Antibody for amyloid beta oligomers could revolutionise Alzheimer’s field

Scientists have designed a high affinity antibody for pathogenic amyloid beta oligomers, a key driver of Alzheimer’s disease, for use in further research and as a potential diagnostic tool.

amyloid plaques aggregated around neurons

Researchers have designed an antibody with high affinity for the amyloid beta (Aβ) oligomers partially responsible for the pathology of Alzheimer’s disease. The team suggest their antibodies could be developed into a novel diagnostic method and also used to further study Aβ and its role in neurodegeneration.

Working in collaboration, researchers from the UK’s University of Cambridge and University College London, and Lund University, Sweden, designed an antibody with high affinity for the Aβ oligomers found in plaques in the brain and used these markers to quantify their numbers.

“There is an urgent unmet need for quantitative methods to recognise oligomers – which play a major role in Alzheimer’s disease, but are too elusive for standard antibody discovery strategies,” said Professor Michele Vendruscolo from Cambridge’s Centre for Misfolding Diseases, who led the research. “Through our innovative design strategy, we have now discovered antibodies to recognise these toxic particles.”

Amyloid plaques are well known as a hallmark of Alzheimer’s; the amyloid hypothesis for the disease states that neurodegeneration is caused by aggregation of ‘sticky’, misfolded Aβ oligomers that can convert normal, endogenous Aβ peptides within the brain, creating large plaques within neurons that interfere with cellular processes resulting in cell death.

Despite over 400 clinical trials testing treatments for Alzheimer’s, no drug has demonstrated the ability to modify the course of the disease, which remains one of the top 10 causes of death in the UK.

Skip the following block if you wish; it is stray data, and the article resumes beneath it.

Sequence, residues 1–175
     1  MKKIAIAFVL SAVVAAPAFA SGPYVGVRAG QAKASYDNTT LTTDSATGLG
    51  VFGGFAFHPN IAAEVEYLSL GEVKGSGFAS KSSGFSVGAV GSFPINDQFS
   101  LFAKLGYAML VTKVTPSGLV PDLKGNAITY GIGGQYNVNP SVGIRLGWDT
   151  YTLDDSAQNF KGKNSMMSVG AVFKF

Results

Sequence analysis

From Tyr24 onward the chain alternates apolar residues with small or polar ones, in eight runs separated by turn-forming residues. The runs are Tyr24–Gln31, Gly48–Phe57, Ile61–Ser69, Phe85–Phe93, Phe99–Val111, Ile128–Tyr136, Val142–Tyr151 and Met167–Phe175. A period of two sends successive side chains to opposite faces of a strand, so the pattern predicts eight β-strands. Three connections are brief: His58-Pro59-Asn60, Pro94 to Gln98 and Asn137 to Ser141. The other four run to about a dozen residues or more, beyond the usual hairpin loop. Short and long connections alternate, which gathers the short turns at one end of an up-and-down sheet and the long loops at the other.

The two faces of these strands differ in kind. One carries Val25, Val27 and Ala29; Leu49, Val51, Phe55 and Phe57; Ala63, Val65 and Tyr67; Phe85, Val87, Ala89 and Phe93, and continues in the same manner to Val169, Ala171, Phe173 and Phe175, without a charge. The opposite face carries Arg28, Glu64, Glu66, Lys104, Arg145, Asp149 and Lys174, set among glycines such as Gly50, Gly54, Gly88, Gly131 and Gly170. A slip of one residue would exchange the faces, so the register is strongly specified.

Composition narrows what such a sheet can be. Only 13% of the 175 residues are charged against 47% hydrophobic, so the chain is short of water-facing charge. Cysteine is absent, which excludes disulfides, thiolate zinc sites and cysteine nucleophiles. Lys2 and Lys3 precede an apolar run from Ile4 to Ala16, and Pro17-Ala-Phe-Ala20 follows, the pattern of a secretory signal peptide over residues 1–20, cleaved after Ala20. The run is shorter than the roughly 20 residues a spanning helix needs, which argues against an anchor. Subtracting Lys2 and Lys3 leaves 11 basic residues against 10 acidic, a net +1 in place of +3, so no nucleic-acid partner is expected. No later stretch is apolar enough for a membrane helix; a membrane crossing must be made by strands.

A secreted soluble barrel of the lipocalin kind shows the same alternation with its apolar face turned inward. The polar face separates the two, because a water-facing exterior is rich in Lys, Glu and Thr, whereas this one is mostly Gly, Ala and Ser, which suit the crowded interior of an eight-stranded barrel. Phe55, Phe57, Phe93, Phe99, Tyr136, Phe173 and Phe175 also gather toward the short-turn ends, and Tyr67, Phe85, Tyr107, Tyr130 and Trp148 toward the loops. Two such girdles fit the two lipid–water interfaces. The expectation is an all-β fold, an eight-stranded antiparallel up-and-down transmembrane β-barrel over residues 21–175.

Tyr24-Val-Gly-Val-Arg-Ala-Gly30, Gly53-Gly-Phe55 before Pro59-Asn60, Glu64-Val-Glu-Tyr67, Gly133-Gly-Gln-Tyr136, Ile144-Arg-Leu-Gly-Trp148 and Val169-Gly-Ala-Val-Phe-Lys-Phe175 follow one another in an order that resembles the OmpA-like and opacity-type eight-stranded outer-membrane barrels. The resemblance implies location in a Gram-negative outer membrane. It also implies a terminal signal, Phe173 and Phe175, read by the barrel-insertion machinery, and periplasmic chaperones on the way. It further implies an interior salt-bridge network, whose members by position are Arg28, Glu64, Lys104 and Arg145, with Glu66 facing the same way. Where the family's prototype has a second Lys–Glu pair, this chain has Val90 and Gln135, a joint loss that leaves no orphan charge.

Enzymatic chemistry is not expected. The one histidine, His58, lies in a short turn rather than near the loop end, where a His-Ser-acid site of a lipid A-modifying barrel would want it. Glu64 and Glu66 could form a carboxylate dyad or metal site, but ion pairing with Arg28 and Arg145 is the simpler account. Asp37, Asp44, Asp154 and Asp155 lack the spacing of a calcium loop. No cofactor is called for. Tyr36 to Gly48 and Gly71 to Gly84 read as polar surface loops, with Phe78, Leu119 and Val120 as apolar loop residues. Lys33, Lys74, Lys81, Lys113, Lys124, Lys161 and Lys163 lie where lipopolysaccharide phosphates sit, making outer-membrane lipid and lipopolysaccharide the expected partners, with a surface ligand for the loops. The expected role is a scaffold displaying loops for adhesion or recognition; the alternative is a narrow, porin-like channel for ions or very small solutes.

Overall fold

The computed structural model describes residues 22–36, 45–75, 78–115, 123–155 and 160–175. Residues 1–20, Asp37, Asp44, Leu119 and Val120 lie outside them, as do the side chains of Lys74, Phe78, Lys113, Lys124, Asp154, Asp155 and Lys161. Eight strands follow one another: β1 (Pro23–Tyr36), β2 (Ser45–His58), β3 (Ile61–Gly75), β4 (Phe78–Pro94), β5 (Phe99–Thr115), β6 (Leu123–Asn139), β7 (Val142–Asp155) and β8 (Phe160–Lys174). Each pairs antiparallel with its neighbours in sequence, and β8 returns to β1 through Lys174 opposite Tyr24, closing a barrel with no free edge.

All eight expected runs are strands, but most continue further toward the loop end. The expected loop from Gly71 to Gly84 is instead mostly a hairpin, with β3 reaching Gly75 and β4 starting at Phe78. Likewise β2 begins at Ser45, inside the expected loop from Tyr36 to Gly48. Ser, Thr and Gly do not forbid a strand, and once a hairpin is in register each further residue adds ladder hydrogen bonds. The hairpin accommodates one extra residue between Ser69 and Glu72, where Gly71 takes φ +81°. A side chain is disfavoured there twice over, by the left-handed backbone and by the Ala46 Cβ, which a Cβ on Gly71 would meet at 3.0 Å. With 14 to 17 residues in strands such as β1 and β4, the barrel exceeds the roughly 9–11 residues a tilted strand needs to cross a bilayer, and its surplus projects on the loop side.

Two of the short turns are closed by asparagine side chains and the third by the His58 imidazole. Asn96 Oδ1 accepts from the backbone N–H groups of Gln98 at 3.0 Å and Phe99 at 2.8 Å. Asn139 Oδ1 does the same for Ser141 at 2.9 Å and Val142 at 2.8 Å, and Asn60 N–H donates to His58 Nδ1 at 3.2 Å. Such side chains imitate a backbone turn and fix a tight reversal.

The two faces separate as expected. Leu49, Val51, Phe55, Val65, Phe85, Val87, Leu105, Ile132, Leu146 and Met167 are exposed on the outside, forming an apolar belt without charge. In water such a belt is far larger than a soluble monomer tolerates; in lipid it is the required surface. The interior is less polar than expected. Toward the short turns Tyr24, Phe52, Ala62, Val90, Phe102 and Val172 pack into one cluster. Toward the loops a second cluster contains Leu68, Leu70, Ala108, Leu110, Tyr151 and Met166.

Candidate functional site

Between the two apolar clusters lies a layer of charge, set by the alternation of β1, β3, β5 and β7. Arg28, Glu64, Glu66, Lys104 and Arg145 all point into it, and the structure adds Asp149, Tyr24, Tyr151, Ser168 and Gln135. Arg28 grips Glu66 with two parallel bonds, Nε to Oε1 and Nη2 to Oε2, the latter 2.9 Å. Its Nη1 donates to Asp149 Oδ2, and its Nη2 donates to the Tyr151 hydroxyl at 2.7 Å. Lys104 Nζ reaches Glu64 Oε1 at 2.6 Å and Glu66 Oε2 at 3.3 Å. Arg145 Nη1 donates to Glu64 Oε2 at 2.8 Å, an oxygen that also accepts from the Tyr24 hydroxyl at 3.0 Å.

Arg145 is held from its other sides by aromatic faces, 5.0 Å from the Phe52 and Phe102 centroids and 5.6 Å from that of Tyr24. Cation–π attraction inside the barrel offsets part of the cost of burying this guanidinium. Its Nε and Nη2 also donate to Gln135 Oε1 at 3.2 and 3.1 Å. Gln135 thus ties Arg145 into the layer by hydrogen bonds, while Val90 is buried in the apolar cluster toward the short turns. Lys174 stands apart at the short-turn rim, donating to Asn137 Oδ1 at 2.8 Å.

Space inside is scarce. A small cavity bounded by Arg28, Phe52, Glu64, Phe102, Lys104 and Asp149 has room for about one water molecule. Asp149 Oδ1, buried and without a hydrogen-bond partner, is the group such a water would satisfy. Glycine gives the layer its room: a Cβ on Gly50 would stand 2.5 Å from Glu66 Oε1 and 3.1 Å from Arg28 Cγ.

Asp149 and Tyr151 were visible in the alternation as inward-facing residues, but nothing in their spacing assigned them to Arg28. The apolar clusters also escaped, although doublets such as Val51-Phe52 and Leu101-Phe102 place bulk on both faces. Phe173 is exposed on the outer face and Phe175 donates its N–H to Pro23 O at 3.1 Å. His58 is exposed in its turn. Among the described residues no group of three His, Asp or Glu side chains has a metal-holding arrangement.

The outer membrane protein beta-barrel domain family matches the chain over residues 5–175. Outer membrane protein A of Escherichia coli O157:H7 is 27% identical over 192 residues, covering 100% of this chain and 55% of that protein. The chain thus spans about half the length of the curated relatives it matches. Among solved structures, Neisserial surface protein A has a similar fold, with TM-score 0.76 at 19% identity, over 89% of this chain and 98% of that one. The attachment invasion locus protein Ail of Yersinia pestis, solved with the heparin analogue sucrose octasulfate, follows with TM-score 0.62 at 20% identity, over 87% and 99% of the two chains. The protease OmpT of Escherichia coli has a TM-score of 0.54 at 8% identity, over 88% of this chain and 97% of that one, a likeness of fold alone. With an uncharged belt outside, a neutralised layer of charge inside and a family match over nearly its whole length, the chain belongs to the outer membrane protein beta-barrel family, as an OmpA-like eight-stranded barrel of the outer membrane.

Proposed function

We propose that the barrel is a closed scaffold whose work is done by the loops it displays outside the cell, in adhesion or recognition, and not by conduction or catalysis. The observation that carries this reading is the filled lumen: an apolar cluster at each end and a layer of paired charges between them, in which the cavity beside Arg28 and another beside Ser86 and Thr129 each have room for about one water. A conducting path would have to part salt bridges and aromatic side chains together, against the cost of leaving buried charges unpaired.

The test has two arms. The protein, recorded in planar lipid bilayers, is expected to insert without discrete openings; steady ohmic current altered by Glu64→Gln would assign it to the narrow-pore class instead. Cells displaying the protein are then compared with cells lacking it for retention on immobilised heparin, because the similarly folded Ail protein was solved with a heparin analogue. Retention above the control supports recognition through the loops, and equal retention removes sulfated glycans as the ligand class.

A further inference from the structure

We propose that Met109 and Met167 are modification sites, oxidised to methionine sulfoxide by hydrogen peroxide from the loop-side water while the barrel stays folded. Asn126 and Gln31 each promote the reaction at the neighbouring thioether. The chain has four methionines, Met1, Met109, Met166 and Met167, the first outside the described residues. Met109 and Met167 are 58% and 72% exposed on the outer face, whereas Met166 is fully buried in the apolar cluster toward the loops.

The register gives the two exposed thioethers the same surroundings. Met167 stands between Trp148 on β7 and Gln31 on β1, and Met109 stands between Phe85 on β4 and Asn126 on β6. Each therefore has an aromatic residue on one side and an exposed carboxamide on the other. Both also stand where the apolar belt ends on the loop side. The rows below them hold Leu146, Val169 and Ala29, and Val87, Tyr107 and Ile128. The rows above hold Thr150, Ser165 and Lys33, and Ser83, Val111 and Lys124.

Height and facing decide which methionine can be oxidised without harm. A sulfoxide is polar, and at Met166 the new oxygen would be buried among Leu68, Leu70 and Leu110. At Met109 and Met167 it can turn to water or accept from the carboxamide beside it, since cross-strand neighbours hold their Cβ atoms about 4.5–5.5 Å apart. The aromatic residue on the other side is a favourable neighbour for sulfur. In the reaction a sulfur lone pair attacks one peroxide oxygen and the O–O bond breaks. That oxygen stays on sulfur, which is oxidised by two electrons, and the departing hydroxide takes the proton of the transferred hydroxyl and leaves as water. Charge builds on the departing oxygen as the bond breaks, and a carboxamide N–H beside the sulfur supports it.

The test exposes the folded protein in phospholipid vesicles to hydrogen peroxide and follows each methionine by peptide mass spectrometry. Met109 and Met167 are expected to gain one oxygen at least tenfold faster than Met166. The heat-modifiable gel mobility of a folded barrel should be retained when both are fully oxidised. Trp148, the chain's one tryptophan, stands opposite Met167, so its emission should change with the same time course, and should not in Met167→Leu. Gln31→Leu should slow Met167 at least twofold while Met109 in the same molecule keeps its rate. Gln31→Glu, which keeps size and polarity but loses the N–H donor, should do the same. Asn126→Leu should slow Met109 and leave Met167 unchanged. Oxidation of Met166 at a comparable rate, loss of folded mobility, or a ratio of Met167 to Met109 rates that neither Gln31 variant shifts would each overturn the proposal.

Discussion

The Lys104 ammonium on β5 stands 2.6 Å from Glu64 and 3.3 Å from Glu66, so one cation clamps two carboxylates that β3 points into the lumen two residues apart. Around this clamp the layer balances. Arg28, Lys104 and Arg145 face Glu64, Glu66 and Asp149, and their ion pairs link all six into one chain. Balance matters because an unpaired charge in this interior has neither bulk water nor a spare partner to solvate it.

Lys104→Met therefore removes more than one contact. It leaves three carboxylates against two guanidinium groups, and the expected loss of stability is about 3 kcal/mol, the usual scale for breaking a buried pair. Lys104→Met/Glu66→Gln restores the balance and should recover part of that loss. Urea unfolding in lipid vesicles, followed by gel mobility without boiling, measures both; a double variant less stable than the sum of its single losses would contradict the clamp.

“While the amyloid hypothesis is a prevalent view, it has not been fully validated in part because amyloid-beta oligomers are so difficult to detect, so there are differing opinions on what causes Alzheimer’s disease,” said Vendruscolo. “The discovery of an antibody to accurately target oligomers is, therefore, an important step to monitor the progression of the disease, identify its cause, and eventually keep it under control.”

According to the team, the lack of methods to detect Aβ oligomers has been a major obstacle to research, hampering the development of diagnostics and therapeutic interventions.

Dr Francesco Aprile, the study’s first author, explained: “Our method allows the generation of antibody molecules able to target oligomers despite their heterogeneity, and we hope it could be a significant step towards new diagnostic approaches.”

The team revealed their method, which is based on computational assembly of antibody-antigen interactions, enables the design of antibodies for antigens that are highly challenging, such as those that live only for a very short time.

The strategy allows researchers to target specific regions, called epitopes, of oligomers. Due to experimental data, the team were able to design their antibody with three orders of magnitude greater affinity for the pathogenic Aβ oligomers, over other forms, enabling the antibody to specifically quantify oligomers in both in vitro and in vivo samples.

The antibody has been patented by Wren Therapeutics, a biotechnology company based at the Chemistry of Health Incubator in Cambridge, England. Wren is the University’s commercialisation arm.

The paper was published in PNAS.

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